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Hypothyroidism and Libido?
I am in a relationship with a man that was recently (4 months ago) diagnosed with hypothyroidism.  Needless to say we haven't had much of a sex life for years, which has been very difficult for me to accept and deal with.  

I was initially very excited that maybe there was a medical explanation and a cure, and thought we might have a normal sex life.  However, I haven't seen much improvement in the past months, perhaps if any.

From what I've read it seems a LOT of people still suffer from no sexual desire even after return to euthyroid, is this correct?  I'm curious if I am wasting my time hoping for something that will never happen.  I'm looking for honest answers here...
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I would be hopeful that correcting the hypo problem would relieve any of his hypo symptoms.  I would be suspicious that what you read about no improvement even after return to euthyroid, is based on the common misconception of euthyroid as being a TSH level that is somewhere within the reference range.  

Since TSH is a pituitary hormone that is only a signal to the thyroid glands to increase/decrease thyroid hormone output, TSH is inadequate as a diagnostic for thyroid problems.  At best it is an indicator to be considered along with more important indicators such as symptoms, along with the levels of the actual, biologically active thyroid hormones which are free T3 and free T4.  

FT3 is actually the most important because it is four times as active as FT4, plus studies have shown that FT3 correlates best with hypo symptoms.  Symptom relief should be all important.  Frequently we hear from members that symptom relief for them required that FT3 was adjusted into the upper part of its range and FT4 adjusted to at least midpoint.

I would not be surprised at all to learn that your guy hasn't even been tested for FT3 and FT4, much less medicated enough to relieve symptoms.  If that is the case, then insist that the doctor do that testing and then try to get him treated for symptoms by adjusting FT3 and FT4 as I outlined.  If current doctor doesn't agree, then find a good thyroid doctor that will treat his symptoms in that way.  I think you might be pleasantly surprised at the results.

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As someone who has it, and has done an awful lot of reading on the subject, here are a couple of things that might be helpful on the matter..

First, it can take a while for someone who has been hypo to return to feeling normal after treatment.  Proper food and exercise help *immensely*.  Also, extended release thyroid meds seem to get people back on their feet faster and more reliably than synthroid from what I understand.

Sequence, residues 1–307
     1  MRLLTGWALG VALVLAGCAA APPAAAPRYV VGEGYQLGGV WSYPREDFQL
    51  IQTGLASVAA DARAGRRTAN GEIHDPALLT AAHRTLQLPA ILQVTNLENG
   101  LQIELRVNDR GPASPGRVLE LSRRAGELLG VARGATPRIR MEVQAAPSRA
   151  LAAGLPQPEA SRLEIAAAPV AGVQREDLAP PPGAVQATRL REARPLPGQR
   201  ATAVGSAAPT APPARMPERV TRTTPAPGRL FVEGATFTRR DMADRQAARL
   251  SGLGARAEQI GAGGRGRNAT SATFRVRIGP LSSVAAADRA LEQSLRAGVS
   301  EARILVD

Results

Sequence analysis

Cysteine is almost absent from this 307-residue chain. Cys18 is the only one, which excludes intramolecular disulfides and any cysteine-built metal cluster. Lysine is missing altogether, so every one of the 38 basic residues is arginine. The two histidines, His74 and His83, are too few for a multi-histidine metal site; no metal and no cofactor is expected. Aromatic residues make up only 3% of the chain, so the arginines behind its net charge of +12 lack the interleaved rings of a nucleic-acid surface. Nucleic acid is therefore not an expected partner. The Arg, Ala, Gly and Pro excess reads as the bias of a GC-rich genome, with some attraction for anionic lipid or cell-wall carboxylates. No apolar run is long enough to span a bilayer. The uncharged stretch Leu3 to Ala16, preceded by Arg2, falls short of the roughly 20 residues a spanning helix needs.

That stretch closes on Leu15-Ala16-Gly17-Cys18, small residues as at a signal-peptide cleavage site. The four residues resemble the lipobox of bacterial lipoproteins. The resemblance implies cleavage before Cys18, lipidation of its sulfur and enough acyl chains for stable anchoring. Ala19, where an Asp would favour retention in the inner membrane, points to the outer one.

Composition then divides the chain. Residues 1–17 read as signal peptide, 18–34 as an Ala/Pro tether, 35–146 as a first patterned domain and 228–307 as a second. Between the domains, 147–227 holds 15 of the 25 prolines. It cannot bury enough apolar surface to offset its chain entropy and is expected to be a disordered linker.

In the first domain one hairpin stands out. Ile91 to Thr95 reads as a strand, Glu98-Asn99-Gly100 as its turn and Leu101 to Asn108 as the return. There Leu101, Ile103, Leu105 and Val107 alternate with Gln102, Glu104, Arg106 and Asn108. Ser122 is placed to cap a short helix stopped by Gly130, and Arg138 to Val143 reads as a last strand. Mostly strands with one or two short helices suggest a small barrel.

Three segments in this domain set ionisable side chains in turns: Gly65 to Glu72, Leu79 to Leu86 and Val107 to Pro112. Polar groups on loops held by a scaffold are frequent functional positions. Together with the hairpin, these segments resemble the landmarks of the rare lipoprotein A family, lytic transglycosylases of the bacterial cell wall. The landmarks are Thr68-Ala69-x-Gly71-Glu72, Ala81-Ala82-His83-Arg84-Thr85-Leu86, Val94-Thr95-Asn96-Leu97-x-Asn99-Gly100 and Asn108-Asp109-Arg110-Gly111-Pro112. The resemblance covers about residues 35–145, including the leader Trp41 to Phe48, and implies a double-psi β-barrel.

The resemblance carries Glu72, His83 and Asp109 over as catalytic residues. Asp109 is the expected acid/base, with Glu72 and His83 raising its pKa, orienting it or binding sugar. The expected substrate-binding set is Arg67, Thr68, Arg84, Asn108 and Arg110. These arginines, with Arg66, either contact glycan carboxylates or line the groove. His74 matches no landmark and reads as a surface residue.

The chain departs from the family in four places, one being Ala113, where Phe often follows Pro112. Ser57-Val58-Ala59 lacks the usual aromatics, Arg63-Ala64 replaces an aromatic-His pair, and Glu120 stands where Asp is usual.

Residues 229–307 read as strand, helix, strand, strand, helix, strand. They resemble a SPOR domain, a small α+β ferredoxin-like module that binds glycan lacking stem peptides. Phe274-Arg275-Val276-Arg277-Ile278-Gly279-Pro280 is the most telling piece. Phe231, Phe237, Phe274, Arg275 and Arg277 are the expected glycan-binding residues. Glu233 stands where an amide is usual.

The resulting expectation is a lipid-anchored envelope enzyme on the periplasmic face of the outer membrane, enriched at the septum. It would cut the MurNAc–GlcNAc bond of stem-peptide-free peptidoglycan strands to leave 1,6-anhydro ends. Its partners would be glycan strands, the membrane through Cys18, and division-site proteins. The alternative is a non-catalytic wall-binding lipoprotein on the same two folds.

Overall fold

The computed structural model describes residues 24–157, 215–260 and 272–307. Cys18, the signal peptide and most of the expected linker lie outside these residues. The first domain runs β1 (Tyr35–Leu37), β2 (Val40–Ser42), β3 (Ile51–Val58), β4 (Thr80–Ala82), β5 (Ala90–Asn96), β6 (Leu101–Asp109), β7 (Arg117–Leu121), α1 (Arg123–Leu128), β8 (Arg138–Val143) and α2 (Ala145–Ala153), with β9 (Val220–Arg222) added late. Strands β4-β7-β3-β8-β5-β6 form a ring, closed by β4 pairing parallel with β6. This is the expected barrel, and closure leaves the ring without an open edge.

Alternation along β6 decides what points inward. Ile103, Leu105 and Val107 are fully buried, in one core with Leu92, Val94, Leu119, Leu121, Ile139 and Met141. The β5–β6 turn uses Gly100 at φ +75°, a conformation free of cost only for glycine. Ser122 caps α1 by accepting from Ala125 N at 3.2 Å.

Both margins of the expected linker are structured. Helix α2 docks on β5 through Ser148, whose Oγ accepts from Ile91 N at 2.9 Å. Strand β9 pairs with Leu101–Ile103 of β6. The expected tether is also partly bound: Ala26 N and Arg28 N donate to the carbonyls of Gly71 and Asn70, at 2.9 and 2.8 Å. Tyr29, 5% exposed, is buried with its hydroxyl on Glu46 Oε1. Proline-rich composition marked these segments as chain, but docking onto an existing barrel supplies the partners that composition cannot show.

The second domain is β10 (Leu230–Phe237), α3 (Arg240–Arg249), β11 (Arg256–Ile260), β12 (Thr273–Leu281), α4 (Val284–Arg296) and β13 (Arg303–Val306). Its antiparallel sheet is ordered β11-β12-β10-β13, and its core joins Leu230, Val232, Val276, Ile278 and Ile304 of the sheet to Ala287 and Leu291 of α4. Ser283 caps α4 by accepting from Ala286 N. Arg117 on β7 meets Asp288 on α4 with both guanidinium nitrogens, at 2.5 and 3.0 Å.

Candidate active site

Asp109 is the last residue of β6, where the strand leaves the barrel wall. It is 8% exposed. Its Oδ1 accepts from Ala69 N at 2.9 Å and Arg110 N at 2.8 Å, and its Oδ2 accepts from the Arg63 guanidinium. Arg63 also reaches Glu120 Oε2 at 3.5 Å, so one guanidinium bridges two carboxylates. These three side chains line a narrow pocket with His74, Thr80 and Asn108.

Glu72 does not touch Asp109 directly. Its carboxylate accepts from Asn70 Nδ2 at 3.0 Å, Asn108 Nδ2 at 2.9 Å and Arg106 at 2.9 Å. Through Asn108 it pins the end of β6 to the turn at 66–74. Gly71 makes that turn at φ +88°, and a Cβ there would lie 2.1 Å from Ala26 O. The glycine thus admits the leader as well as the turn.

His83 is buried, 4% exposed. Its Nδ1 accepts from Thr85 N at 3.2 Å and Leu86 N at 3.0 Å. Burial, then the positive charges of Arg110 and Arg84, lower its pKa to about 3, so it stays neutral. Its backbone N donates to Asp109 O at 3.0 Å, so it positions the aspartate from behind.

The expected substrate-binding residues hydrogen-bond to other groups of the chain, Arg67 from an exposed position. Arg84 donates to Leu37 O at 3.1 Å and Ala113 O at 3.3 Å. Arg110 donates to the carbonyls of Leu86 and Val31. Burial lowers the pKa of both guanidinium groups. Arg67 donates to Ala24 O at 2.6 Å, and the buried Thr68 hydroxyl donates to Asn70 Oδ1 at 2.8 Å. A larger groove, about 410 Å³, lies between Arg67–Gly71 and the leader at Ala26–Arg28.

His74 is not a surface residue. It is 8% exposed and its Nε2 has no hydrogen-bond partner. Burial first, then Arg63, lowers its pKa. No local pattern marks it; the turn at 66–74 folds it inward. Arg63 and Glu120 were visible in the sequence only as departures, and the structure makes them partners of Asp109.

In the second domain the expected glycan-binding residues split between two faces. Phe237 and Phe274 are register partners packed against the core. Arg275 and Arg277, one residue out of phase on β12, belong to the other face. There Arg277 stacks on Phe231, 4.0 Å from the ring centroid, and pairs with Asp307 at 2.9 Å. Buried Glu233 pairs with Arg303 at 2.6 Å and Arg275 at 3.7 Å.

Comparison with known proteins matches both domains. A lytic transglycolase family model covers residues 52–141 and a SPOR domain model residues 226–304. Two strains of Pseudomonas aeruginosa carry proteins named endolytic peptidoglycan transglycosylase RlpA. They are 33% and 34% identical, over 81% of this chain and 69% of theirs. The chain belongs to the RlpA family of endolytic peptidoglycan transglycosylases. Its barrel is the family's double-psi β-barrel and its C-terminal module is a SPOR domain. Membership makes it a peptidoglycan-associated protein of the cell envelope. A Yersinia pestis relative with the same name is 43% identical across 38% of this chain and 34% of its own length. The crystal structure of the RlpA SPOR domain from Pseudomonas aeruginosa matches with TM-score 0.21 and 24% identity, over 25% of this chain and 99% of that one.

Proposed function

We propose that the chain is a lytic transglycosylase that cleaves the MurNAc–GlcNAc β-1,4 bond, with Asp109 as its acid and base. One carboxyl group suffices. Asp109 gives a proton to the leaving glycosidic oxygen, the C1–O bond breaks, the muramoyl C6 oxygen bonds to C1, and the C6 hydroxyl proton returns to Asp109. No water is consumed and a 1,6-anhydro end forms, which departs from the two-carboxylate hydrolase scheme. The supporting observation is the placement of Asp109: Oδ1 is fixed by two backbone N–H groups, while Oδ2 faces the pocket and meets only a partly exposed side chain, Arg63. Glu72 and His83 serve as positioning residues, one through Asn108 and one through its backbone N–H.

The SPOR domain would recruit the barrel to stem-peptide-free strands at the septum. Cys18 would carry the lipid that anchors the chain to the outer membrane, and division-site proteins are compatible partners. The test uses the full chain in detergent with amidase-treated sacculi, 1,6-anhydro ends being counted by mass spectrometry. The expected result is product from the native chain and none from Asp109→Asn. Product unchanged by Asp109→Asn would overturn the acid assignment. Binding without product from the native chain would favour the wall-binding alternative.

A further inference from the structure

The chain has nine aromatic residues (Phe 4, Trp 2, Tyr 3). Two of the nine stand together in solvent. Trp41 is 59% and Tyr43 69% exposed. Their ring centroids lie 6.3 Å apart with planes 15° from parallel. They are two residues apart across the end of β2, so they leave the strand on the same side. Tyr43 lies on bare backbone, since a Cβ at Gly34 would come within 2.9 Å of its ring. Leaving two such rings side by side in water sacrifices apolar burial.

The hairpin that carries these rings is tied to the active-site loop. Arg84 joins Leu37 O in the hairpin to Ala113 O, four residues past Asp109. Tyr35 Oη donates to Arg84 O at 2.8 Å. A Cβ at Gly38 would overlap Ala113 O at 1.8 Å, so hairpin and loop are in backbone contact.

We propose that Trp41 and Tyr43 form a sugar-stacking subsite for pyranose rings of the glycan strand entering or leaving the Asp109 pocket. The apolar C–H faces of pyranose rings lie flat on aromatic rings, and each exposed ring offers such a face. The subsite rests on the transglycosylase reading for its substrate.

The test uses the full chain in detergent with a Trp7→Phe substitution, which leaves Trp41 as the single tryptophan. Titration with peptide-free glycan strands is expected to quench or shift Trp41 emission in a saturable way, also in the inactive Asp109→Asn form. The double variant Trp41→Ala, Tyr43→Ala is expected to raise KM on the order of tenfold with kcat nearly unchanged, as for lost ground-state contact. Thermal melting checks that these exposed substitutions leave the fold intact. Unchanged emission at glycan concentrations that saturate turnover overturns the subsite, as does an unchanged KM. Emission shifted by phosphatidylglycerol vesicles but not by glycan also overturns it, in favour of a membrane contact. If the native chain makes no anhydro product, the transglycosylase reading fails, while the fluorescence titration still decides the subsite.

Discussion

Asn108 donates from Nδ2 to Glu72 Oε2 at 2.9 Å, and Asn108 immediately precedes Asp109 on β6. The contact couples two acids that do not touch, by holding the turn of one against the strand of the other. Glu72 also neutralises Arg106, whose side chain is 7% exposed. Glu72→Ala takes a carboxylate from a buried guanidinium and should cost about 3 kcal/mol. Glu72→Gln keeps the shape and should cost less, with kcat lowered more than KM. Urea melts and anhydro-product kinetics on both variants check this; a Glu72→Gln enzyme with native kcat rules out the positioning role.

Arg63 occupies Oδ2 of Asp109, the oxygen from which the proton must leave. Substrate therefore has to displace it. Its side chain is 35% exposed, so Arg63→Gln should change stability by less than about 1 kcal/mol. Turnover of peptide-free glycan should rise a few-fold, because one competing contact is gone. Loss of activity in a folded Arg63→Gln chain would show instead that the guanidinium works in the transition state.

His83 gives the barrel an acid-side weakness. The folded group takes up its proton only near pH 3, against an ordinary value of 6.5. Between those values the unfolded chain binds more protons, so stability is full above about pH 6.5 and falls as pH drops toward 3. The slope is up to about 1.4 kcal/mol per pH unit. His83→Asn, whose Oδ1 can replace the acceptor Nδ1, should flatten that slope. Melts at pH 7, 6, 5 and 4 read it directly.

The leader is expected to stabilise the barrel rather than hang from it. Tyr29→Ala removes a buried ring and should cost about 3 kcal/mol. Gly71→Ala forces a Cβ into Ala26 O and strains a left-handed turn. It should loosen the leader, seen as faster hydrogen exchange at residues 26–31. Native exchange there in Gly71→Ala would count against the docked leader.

Often, people with thyroid problems can be low on other hormones too.. Your BF may wish to have his doctor run a specific hormone panel.  Treatment with testosterone has been known to kick start the old drive for guys who need a little help in that regard, but only if it's safe.  Some other things that can be helpful are argenine, niacin, DHEA, panax ginseng, ginko biloba, or horny goat weed.. HOWEVER, most of these things effect blood nitrogen,oxygen,or serotonin levels, so ALWAYS check with your doctor before starting any new supplement regimen!

Mostly, patience, a positive attitude, and a little playful experimentation will usually get the job done.  Good luck!
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649848 tn?1424570775
I'm not sure what type of med your guy is on, but I would agree with gimel - once his med has been adjusted according to symptoms and FT3 and FT4 levels, you will most likely see some changes.

It quite often takes time to get thyroid levels to what the patient needs, not just into the "normal" lab ranges.  Most thyroid meds will work equally well, depending on the individual needs.  Some of us need the dessicated hormones, others of us must have synthroid, still others do fine on generic levo; some need to add a T3 med to the levo.  The trick is to get the proper testing and make sure the lab reports are interpreted properly - just being in range isn't good enough if the patient still has symptoms.  

Many of us find that we need our FT4 levels at around mid point of its range and FT3 in upper 1/3 of its range.  Patience and proper testing are critical.  I'm 2 yrs into my experience and still not totally at the right point yet.  

Again, I agree with gimel - if your current doctor will not treat the FT3, FT4 and symptoms, don't waste time - just find another doctor.   It might also be helpful to get antibody testing to confirm/rule out Hashimoto's Thyroiditis.  

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That Horny Goatweed certainly sounds interesting.  LOL
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